Armed Forces International News - July 2010
HULC Military Exoskeleton Technology Trials Loom
Posted by Armed Forces International Technology Analyst on 22/07/2010 - 13:25:00
Final tests are set to soon be carried out on new military load-carrying technology developed by US firm Lockheed Martin.
The company’s Human Universal Load Carrier (HULC) provides troops with a robotic exoskeleton platform that’s capable of carrying loads weighing up to 91 kilograms (200 pounds) while at the same time decreasing the strain that heavy loads place on soldiers engaged in battlefield scenarios.
HULC features titanium legs which redistribute the weight being carried, whilst it also incorporates micro-computer technology which makes real-time movement calculations to ensure that it and the soldier operate as one. In so doing, it places no restrictions on movement through horizontal and vertical planes: those wearing the exoskeleton can crawl, run at slow speed, squat or jump as required.
HULC: Human Universal Load Carrier
The Human Universal Load Carrier system runs on battery power and its structure is modular, a boost to high-speed and easy parts exchanges under battlefield pressure.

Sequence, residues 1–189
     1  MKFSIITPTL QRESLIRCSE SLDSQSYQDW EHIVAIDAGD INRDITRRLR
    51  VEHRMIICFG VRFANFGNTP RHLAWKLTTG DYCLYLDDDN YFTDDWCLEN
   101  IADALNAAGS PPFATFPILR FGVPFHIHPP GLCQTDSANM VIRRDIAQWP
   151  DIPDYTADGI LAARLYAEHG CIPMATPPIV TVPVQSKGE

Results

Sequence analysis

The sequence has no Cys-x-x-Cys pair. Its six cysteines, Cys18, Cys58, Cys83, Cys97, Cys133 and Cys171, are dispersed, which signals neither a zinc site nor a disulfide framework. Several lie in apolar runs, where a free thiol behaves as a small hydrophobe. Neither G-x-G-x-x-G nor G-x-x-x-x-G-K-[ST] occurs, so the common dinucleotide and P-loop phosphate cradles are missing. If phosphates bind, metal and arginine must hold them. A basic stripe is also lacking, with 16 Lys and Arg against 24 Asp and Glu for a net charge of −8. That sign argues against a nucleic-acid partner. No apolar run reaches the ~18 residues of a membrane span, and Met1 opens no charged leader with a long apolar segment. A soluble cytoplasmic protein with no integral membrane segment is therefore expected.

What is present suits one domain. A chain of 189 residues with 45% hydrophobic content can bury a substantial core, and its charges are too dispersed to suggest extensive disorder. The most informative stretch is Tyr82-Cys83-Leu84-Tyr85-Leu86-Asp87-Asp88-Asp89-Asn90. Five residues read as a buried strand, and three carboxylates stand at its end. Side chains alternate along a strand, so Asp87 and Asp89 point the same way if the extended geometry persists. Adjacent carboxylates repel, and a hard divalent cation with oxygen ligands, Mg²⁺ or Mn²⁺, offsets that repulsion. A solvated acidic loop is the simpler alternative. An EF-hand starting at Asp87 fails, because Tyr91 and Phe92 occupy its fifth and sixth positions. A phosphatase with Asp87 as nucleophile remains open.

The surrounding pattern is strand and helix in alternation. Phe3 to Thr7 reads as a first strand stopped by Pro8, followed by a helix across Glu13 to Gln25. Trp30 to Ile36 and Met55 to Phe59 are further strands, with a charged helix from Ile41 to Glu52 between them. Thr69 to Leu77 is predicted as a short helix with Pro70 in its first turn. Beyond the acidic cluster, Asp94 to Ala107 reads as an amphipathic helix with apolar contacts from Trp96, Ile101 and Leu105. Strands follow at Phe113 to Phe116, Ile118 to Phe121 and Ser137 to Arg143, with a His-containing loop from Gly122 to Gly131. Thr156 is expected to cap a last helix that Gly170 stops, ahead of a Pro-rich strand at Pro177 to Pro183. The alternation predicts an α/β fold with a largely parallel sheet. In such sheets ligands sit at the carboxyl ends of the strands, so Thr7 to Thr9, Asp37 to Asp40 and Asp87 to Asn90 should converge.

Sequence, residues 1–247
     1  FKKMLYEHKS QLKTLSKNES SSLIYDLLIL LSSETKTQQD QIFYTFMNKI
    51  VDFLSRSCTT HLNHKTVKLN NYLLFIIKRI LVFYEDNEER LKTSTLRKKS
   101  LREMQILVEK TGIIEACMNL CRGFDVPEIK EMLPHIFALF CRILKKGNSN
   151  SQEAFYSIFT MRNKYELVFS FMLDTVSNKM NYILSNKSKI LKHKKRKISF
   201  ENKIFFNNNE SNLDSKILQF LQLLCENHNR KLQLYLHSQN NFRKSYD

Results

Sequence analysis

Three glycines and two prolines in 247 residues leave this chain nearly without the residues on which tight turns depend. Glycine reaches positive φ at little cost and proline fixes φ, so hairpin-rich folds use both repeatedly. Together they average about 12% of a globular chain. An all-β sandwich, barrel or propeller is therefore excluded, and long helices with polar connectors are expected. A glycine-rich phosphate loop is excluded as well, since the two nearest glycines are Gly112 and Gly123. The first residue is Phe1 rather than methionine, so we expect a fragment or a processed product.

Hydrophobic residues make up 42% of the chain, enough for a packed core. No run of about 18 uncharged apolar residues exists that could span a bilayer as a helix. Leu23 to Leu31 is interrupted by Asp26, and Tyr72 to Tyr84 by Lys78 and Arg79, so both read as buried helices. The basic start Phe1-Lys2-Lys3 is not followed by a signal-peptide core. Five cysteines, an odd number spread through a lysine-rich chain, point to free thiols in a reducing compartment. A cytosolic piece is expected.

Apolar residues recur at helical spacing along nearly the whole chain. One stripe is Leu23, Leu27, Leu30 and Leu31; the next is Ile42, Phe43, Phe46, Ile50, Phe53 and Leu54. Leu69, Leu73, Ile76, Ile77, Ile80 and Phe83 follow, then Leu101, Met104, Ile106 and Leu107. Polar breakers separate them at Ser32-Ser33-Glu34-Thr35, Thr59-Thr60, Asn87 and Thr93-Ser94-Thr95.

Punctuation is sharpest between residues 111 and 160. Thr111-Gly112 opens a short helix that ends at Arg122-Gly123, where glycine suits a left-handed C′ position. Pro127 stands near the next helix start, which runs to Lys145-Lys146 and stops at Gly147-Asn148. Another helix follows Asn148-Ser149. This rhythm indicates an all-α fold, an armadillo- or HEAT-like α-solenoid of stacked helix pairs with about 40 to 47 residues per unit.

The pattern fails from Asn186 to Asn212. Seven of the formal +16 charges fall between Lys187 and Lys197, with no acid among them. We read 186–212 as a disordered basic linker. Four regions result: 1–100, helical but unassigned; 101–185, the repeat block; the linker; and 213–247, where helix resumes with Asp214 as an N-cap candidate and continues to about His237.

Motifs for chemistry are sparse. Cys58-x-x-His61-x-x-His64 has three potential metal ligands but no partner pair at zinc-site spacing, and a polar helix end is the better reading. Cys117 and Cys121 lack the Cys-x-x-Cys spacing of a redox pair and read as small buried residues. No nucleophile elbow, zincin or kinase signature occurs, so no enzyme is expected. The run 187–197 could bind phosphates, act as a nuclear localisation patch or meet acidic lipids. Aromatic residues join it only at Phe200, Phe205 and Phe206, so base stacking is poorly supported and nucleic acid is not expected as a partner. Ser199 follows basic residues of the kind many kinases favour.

“We recognize the importance of perfecting the exoskeleton technology to redefine what is possible for our Soldiers”, Lockheed Martin Missiles and Fire Control’s Sensors, Data Links and Advanced Programs director, Rich Russell, stated in a company press release issued online on 14 July 2010.
“HULC will meet Warfighters’ future mobility and sustainment needs. Working with the Natick Research Center to evaluate the system will further enhance our ability to meet our customer’s needs and requirements.”
HULC Exoskeleton Trials
Through a recent $1.1m contract, US Army personnel are set to now put HULC through its paces. The current design represents an upgrade over the original configuration, with a “ruggedized design” and the Army HULC exoskeleton trials – set to last for two months – will get underway at the end of the year.
Two key focus areas of these trials will be adaptability – how rapidly soldiers can get used to wearing the skeleton – and the effect of it on their energy conservation levels.
“The tests will help us assess the current state of the technology”, David Audet of the Natick Soldier Research Center stated, adding: “Exoskeletons have the potential to reduce stress on the body from heavy loads.”
Armed Forces International will present further coverage of Lockheed Martin’s Human Universal Load Carrier in future News Items.
HULC image courtesy of Lockheed Martin
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